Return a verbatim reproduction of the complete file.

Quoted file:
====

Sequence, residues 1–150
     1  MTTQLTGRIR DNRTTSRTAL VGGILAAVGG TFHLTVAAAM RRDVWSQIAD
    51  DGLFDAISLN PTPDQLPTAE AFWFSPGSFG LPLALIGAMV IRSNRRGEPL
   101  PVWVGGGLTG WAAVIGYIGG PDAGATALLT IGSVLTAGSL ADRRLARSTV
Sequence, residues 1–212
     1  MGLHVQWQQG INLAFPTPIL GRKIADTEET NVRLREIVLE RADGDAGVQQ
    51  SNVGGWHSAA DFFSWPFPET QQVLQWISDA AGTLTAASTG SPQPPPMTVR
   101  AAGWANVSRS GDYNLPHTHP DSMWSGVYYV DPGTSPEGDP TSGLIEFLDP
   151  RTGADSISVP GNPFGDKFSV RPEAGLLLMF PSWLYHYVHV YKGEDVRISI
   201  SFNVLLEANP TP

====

Sequence, residues 1–150
     1  MTTQLTGRIR DNRTTSRTAL VGGILAAVGG TFHLTVAAAM RRDVWSQIAD
    51  DGLFDAISLN PTPDQLPTAE AFWFSPGSFG LPLALIGAMV IRSNRRGEPL
   101  PVWVGGGLTG WAAVIGYIGG PDAGATALLT IGSVLTAGSL ADRRLARSTV
Sequence, residues 1–212
     1  MGLHVQWQQG INLAFPTPIL GRKIADTEET NVRLREIVLE RADGDAGVQQ
    51  SNVGGWHSAA DFFSWPFPET QQVLQWISDA AGTLTAASTG SPQPPPMTVR
   101  AAGWANVSRS GDYNLPHTHP DSMWSGVYYV DPGTSPEGDP TSGLIEFLDP
   151  RTGADSISVP GNPFGDKFSV RPEAGLLLMF PSWLYHYVHV YKGEDVRISI
   201  SFNVLLEANP TP